Colombia: UN report says police killing mass civilians

Written by Staff Writer by Loic Woudstra

In the run-up to Colombia’s elections, “police brutality” in the country contributed to what was likely to be a mass killing, according to a UN-backed report released Monday.

The “accelerated spike in crime” and a series of “unprecedented homicides” spanned 25 of Colombia’s 32 provinces between December 2015 and February 2016, according to the report, citing more than 90 incidents of police brutality

The attacks were carried out against alleged “criminals and demobilized FARC combatants who were in the act of applying the modified pardons,” the report said.

Five of the victims were murdered in Tumaco, in the country’s southern Pacific province of Nariño, where “joint forces” comprised of police and military participated in a “major paramilitary-style operation” to arrest known criminal “Cubichaba,” alias “Nino”, and the other victim, “Elvin”, the report said.

The “particularly grisly elements of the operation” was captured on video, according to the report.

“On the order of the commanders, the police began firing against the armed and illegal combatants while dressed in civilian clothes with weapons raised, while the troops had their ranks lowered,” it said.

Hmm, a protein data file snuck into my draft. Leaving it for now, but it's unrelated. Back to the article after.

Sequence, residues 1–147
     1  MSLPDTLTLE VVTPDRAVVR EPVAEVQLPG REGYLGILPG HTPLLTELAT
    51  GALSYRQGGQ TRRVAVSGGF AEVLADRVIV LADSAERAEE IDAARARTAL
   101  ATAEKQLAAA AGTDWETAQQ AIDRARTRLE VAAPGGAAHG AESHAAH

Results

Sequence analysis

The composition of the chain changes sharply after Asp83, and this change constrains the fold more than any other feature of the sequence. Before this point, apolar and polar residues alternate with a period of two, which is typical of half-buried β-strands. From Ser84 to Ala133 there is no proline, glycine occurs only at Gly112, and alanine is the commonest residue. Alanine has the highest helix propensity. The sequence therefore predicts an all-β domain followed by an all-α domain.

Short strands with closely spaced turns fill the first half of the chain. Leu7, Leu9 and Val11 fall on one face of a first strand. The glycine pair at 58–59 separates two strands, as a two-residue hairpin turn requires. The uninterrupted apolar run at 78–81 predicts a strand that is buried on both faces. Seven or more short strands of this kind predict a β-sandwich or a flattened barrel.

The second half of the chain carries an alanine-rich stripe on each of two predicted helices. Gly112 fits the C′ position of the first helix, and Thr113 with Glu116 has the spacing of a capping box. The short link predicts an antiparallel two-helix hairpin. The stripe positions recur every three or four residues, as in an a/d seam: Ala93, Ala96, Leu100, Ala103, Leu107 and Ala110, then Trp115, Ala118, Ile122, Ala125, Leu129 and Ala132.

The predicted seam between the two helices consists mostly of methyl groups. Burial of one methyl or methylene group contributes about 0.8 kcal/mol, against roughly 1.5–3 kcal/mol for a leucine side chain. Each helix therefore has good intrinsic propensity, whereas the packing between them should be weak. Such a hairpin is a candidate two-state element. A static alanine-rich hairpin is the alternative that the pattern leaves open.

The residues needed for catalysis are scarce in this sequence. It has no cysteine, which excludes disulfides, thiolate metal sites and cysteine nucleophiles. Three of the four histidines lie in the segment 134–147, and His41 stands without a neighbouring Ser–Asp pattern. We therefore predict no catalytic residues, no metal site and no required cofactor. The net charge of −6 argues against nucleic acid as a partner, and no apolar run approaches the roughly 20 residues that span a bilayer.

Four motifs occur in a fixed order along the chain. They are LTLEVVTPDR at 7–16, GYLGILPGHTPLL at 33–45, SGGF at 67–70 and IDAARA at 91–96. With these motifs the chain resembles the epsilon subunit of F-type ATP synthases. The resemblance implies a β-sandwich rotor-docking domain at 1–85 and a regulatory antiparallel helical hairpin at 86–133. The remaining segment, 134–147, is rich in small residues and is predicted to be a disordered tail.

“All victims were killed using their weapons and the highest number of them were teenagers.”

The bodies were then allegedly burned in public places, including schools, amid a surge in violence in the city, according to the report.

“As if it were a theater, the killings were staged as if it were a play,” the report said.

The UN backed the use of more than 60 witnesses and more than 30 experts to research the cases of alleged “police brutality” and “violations of human rights by the National Police” and the National Liberation Army (ELN), a leftist rebel group.

The candidates who narrowly lost in the presidential elections earlier this month were not mentioned in the report.

Jorge Farias — winner of the second round — was ranked No. 1 on the Council’s list of most violent candidates in Colombia, followed by Oscar Ivan Zuluaga, leader of FARC’s political wing, who was the runner-up in the polls.

The investigators concluded that the “extrajudicial killings by the National Police took place at the hands of officers operating under an order from a superior officer or superior juridical authority, as well as with total impunity and collaboration with paramilitary groups.”

The perpetrators were investigated through military investigators and Colombian states, the report said.

After the investigation of those responsible, the conclusions were sent to the Colombian Attorney General’s Office for investigations and proceedings, according to the report.

The Council will be able to issue annual reports on alleged human rights violations by national police, the report said.

Colombia, a US ally, has experienced a bloody guerrilla insurgency and a right-wing paramilitary movement since the 1980s.

Violence by leftist rebels has slowed over the last decade, but the country has been hit by vicious attacks and gun battles during Colombia’s long internal conflict.

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